Date of Award

Fall 2000

Document Type

Dissertation - Restricted

Degree Name

Doctor of Philosophy (PhD)



First Advisor

Pokrywczynski, James V.

Second Advisor

Andrews, J. C.

Third Advisor

Crowley, John H.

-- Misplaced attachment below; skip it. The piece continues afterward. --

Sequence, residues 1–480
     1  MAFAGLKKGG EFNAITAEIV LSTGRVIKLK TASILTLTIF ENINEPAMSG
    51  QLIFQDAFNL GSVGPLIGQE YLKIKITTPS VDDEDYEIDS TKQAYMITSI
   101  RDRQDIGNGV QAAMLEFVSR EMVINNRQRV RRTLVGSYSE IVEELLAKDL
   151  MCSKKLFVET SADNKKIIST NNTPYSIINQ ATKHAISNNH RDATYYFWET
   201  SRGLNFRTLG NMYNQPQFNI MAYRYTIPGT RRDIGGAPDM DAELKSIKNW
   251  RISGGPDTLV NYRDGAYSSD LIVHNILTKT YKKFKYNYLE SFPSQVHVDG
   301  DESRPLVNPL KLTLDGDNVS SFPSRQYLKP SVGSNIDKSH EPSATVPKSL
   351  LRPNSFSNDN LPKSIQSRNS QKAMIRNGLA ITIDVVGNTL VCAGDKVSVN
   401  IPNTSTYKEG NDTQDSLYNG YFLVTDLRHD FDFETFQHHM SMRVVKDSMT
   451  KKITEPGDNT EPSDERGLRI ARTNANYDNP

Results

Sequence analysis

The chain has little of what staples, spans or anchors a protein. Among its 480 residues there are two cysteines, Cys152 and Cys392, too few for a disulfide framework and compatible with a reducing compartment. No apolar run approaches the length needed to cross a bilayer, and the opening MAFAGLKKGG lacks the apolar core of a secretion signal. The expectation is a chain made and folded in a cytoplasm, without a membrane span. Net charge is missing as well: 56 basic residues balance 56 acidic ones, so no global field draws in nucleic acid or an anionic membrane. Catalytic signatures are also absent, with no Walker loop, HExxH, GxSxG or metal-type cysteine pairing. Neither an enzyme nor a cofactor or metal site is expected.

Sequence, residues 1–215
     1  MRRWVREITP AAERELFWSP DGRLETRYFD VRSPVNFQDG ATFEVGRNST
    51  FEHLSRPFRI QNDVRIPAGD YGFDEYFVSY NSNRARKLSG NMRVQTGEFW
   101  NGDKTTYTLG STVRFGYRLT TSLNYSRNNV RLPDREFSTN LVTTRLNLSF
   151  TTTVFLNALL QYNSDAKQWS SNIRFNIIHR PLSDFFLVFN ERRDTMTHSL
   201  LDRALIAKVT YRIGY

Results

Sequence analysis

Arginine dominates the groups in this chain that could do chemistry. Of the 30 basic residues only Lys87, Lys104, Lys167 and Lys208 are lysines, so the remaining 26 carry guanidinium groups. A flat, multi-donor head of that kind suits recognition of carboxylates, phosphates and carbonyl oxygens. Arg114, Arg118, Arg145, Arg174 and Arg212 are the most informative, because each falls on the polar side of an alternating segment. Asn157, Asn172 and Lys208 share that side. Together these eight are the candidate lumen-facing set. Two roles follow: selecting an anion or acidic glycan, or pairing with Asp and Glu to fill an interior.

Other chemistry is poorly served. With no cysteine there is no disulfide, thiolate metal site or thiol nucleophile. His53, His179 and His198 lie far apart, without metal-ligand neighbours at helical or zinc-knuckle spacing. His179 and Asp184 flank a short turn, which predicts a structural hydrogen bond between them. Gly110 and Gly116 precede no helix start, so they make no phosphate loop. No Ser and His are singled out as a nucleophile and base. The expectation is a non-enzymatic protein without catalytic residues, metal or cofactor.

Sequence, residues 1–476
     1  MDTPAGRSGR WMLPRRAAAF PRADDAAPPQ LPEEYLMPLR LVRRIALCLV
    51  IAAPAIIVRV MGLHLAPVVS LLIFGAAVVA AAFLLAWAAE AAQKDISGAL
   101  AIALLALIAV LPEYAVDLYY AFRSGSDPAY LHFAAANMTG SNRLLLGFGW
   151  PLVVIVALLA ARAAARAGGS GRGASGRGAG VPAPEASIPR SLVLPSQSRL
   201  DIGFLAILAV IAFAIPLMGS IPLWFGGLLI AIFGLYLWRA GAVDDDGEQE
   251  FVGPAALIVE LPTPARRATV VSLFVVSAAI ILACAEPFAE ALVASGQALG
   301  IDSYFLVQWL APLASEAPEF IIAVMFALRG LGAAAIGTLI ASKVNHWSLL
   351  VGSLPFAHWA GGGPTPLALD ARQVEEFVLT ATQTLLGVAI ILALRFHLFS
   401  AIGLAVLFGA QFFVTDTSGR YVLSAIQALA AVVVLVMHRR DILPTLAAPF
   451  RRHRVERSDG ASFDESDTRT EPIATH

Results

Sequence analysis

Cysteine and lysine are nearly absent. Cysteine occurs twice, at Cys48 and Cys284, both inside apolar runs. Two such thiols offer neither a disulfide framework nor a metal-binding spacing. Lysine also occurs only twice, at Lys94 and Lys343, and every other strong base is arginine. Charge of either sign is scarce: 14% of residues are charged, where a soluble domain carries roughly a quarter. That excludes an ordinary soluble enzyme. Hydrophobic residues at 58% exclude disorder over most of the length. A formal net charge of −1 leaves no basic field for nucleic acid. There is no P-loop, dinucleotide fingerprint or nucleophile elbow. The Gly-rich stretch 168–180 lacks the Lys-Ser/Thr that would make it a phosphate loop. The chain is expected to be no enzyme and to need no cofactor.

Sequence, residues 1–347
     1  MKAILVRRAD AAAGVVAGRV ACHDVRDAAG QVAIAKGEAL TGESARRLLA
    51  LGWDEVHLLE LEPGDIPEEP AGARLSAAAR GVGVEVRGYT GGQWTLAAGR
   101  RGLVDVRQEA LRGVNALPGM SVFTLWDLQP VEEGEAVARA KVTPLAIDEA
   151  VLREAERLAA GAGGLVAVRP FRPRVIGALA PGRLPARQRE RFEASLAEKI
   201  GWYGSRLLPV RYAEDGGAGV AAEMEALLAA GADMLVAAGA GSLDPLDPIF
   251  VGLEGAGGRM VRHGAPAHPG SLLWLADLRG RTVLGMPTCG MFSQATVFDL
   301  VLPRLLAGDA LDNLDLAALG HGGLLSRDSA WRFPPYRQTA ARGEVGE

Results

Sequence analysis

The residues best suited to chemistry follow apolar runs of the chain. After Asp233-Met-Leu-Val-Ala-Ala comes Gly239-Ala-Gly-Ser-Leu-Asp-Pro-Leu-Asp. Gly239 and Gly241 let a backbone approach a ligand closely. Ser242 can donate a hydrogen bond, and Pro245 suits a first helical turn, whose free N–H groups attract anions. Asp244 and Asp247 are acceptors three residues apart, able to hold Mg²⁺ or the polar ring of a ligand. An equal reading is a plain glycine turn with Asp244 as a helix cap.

Advertising has been the subject of ethical inquiry from a number of perspectives. One such venue of criticism concerns advertising content, seen by researchers to consist of two content types: factual, verifiable content that enables consumers to make clear, logical buying decisions; and non-factual, emotionally-based content that may cloud, hinder or otherwise render buying decisions irrational. Debate on this dichotomy has occupied numerous texts. Despite this body of research, however, little research has been done that provides a useful theoretical foundation for assessing the dichotomy, addresses the ethical nature of the dichotomy from a consumer's perspective, or discovers how moderating variables may affect consumer perceptions of informative and emotional advertising content. One important goal of this research is to contribute to the literature by applying the elaboration likelihood model (ELM) to the problem of predicting the effects of advertising content. The ELM claims that individuals may take different paths toward attitude change when internalizing persuasive messages. When individuals are motivated to think about the issues raised in a persuasive message and have the ability to do so, they take a central route toward attitude change. Conversely, individuals who take the peripheral route toward attitude change avoid thinking about an issue or lack sufficient motivation to process a persuasive message, thus relying on peripheral cues. Since the literature suggests that central processing may be more likely for informative advertising content and peripheral message processing more likely for persuasive or emotional advertising content, the ELM may prove beneficial in contributing to the advertising content debate. Another goal of this study is to contribute to the literature by discovering consumer ethical perceptions of informative and emotional advertising content and the degree to which moderating variables might affect ethical evaluations of ads. According to the literature, consumers are quite capable of making ethical evaluations of ads featuring sexual (LaTour and Henthorne 1994; Treise, Weigold, Conna, and Garrison 1994) and fear appeals (Treise et al. 1994). Additionally, some researchers offer empirical evidence that consumers can distinguish between informative and emotional ad content and are often deceived by the latter (Shimp 1983). What is not known, however, is whether consumers are capable of making ethical distinctions between informative or emotional advertising content as discussed in the wider advertising content debate...



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